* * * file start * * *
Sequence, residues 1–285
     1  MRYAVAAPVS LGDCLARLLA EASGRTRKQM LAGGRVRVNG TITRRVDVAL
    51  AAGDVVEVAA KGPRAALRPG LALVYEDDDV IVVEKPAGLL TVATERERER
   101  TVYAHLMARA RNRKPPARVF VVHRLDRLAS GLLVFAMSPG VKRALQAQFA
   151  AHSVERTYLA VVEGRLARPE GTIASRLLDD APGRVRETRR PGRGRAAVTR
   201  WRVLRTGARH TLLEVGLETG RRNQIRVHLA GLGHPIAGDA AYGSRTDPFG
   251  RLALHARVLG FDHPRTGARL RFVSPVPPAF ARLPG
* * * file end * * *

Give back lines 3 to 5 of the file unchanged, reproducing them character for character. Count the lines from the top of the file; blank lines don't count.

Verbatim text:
    51  AAGDVVEVAA KGPRAALRPG LALVYEDDDV IVVEKPAGLL TVATERERER
   101  TVYAHLMARA RNRKPPARVF VVHRLDRLAS GLLVFAMSPG VKRALQAQFA
   151  AHSVERTYLA VVEGRLARPE GTIASRLLDD APGRVRETRR PGRGRAAVTR